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on 8 July 2011
I heard Margaret on the Radio and was enticed to buy the book. I have taken ages to read it as I keep reading a section and then stopping to have a good think. It is so thought provoking, well written and well researched. I have 80 pages to go and am going to see if I can make them last till her next book comes out
Enjoyable, fun interesting and have got at least four friends to get it and read it
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on 2 April 2011
I bought my copy after hearing Margaret Heffernan speak on a radio programme. Using many known, and less well known theories and findings from the worlds of psychology and business the author sets about de-mythologising the most commonly held truths of individual and in-group behaviour.
It is very well written,(literate - sic), enjoyable and challenging.
I would suggest that anyone concerned or reflective of their own behaviour or the behaviour and functioning of groups/organisations will find it of real interest.
Readers who don't normally buy books concerning business theory (myself included because they are largely badly written tosh) might want to order a copy as a this book has lessons that can be applied to many contexts.
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Margaret Heffernan is an experienced senior businesswoman and academic, as well as an established writer and speaker on business-related issues and a former writer, director and producer of radio and television drama at the BBC. Her interest in 'wilful blindness' - the psychological phenomenon of willed ignorance of uncomfortable facts - appears to have been triggered by the Enron trial, and more generally by her experiences in business, but her pursuit of the concept and its manifestations takes her further afield than questions of business ethics alone. In the course of this book she draws on examples from, among others, the military, the NHS, the Holocaust and the Catholic Church, as well as the more obvious financial scandals and failures of safety culture in the workplace. The book ranges with unusual freedom and even-handedness between the USA and the UK.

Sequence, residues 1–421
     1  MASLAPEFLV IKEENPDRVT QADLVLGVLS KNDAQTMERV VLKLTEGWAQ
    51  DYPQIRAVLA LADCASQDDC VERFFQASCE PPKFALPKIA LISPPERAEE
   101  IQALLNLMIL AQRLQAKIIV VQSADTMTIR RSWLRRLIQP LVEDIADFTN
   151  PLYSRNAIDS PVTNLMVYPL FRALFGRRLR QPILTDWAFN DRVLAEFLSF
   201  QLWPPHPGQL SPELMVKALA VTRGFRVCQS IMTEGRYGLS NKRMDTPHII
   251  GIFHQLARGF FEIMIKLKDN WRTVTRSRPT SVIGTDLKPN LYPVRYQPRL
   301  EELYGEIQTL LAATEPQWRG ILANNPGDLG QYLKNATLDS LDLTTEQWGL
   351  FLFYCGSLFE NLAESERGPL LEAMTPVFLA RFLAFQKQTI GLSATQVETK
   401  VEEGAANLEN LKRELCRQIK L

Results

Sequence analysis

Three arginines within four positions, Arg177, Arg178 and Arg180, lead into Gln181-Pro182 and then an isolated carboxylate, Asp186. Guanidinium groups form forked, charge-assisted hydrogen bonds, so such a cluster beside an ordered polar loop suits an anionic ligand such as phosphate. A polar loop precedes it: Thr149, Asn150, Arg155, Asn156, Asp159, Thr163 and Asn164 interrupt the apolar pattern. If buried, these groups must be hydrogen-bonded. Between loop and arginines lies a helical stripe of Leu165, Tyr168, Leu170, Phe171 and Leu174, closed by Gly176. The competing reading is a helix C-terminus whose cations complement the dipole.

'Wilful Blindness' seeks to offer a reasoned account of the linked phenomena of selective attention and compartmentalisation in physiological and psychological terms, based on Heffernan's extensive familiarity with recent research. The author talks to experts, but also offers a wealth of anecdote from individuals who in their own persons offer instances both of culpable failure to 'see' and - in the case of whistleblowers - of unaccountable refusal to go along with the willed ignorance of their colleagues or organisations, often at great personal price. The result is a highly readable account of a very human failing that has produced some of the most troubling events of our times - from the condonation of torture at Abu Ghraib to the death spiral of investment in financial derivatives during the recent housing bubble.

Unusually for this type of book, in the wake of her analysis Heffernan is also prepared to make detailed, sensible, concrete suggestions for ways in which organisations might try to mitigate the most pernicious effects of groupthink, overconfidence, and a culture of excessive deference to authority. Most of these suggestions may seem like little more than common sense - one example is the need to put an end to the macho cult of excessive hours of work that leads directly to fatigue-induced tunnel vision and moral exhaustion - but Heffernan's book is full of specific examples of the almost fanatical resistance that has been offered in every sphere of life to attempts to carry these 'obvious' reforms into practice.

Inevitably, Heffernan pays a certain amount of attention to material with which many readers interested in this subject are likely to be familiar. The Milgram experiments are the most obvious example. However, it's clear from the extensive notes and bibliography that Heffernan has done her research, and 'Wilful Blindness' is as authoritative and up-to-date as one could reasonably expect from a book aimed at the intelligent general reader rather than the academic.
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on 20 October 2014
Wilful blindness implies that deception depends on self-deception.
Once we appreciate that we allow inertia or the easy way to rule our lives, then we may reconsider if that is what we really want to do with our lives.
But because we are part of society, even self-critical and independent persons may find themselves dragged along by the huge inertia of institutions.

Heffernan uses many interviews or at any rate appears to do so, by looking at personal dilemmas from the viewpoint of those faced with them.